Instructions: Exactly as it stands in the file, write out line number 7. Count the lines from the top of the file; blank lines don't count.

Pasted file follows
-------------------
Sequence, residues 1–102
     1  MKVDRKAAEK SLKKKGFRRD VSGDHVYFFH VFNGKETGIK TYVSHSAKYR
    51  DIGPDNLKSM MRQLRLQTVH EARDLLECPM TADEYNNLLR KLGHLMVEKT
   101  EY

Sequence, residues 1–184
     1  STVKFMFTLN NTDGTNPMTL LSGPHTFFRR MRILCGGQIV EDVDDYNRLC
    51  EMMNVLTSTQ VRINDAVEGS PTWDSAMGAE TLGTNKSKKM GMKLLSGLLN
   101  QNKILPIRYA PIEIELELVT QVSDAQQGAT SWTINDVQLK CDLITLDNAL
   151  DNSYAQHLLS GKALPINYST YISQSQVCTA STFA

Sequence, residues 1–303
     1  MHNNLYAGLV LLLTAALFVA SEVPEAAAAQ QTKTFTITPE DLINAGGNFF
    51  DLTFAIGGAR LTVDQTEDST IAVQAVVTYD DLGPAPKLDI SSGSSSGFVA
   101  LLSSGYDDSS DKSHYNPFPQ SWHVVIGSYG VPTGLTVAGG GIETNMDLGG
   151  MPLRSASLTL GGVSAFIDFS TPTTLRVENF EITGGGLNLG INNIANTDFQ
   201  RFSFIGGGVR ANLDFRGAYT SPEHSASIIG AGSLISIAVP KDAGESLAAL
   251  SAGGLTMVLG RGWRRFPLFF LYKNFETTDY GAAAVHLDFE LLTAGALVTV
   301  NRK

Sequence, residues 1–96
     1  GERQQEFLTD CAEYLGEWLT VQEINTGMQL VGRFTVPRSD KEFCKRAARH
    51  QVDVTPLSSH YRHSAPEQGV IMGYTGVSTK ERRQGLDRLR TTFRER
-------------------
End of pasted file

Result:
    51  EMMNVLTSTQ VRINDAVEGS PTWDSAMGAE TLGTNKSKKM GMKLLSGLLN